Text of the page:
Artist Liu Bolin live streams Beijing smog to raise awareness

Artist Liu Bolin live streams Beijing smog to raise awareness
Artist Liu Bolin wearing a vest with 24 mobile phones speaks during a Reuters interview after a live broadcast of air pollution in the city on the fourth day after a red alert was issued for heavy air pollution in Beijing.
PHOTO: Reuters

BEIJING - Chinese artist Liu Bolin, known as "the invisible man" for using painted-on camouflage to blend into the backdrops of his photographs, says his latest project aims to put the spotlight on China's air pollution problem.

As north China battled with poor air quality for a third straight day on Monday, Liu said the recent pollution warnings inspired him to show live video of the smog in the capital, Beijing.

To do that, Liu walks around wearing an orange vest with 24 smartphones attached on the front and back, live-streaming scenes of smog which he calls "a disaster".

"As an artist, to discuss it with images is what I think we should do," Liu told Reuters Television.

The artist, who is also a sculptor, has won international recognition with exhibitions in Asia, Europe, the Middle East, the United States and Latin America.

Liu's previous "Hiding in the City" series featured him hidden in plain sight against monuments, murals, buildings and scenes of daily life in Beijing, Venice, New York and elsewhere.

The invisibility theme was done as a protest against the demolition of Liu's studio when authorities razed an artists'village in Beijing. But then he fell in love with this way of presenting his ideas.

His latest work is titled "Today Even Numbers Banned", a reference to Beijing's odd-even licence plate system for restricting the number of vehicles on roads when pollution levels are high.

China's environmental watchdog issued a five-day warning on Friday about choking smog spreading across the north and ordered factories to close, recommended residents stay indoors and curbed traffic and construction work.

Some Beijing residents were puzzled by the sight of Liu and his orange smartphone vest, but they approved of his efforts to raise awareness of the smog problem. "I think this is pretty good. I don't quite understand his art form, but his work can make more people know about smog in Beijing, right?," said 27-year-old Xu Chenglong.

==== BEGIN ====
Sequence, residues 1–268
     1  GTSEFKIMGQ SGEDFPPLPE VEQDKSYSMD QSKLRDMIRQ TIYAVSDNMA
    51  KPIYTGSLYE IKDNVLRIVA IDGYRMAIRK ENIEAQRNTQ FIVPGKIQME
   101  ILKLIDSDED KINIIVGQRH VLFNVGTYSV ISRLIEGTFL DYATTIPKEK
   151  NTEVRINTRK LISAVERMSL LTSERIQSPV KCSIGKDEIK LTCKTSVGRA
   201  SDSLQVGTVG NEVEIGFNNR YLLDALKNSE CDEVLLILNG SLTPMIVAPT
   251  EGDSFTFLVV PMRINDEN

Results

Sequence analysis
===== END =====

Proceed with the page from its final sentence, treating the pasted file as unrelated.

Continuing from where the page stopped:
Smog blankets northeast China

  • Open gallery

    More than 40 cities in China's northeast have issued pollution warnings in the past 48 hours after being blanketed by heavy smog.

  • Open gallery

    Air quality index (AQI) readings at some monitoring stations in Tianjin, a port and industrial city southeast of Beijing, peaked above 400.

  • Open gallery

    China's environmental watchdog issued a five-day warning on Friday about choking smog spreading across the northeast.

  • Open gallery

    The authority also ordered factories to shut, recommended residents stay indoors and curbed traffic and construction work.

  • Open gallery

    Pollution alerts have become increasingly common in China's northern industrial heartland, especially during winter when energy demand - much of it met by coal - skyrockets.

  • Open gallery

    In addition, heavy winds force pollution from nearby provinces to the Beijing-Tianjin area where it remains suspended over the cities.

  • Open gallery

    Beijing's city government ordered 1,200 factories near the Chinese capital, including a major oil refinery run by state oil giant Sinopec, to shut or cut output on Saturday.

  • Open gallery

    On Saturday, 22 cities issued red alerts including top steelmaking city Tangshan in Hebei province around Beijing, and Jinan in coal-rich Shandong province.

  • Open gallery

    Red alerts are issued when the AQI is forecast to exceed 200 for more than four days in succession, 300 for more than two days or 500 for at least 24 hours.

  • Open gallery

    Tianjin was placed on orange alert - the second highest level - on Sunday.

  • Open gallery

    In Beijing, the city's Municipal Environmental Monitoring Centre showed air quality readings of above 300 in some parts on Sunday (Dec 18) afternoon.

  • Open gallery

    But the index was below 200 in most parts of the Chinese capital.

  • Open gallery

    "When I went out yesterday I didn't wear a mask and my throat really hurt and I felt dizzy. It was hard to breathe through my nose," Chen Xiaochong, a hotel manager in the capital, told Reuters

  • Open gallery
  • Open gallery

    A man swims in a lake in smog during a heavily polluted day in Beijing.

  • Open gallery

    The forbidden city is seen in smog during a heavily polluted day.

More about

air pollution
Your daily good stuff - AsiaOne stories delivered straight to your inbox
By signing up, you agree to our Privacy policy and Terms and Conditions.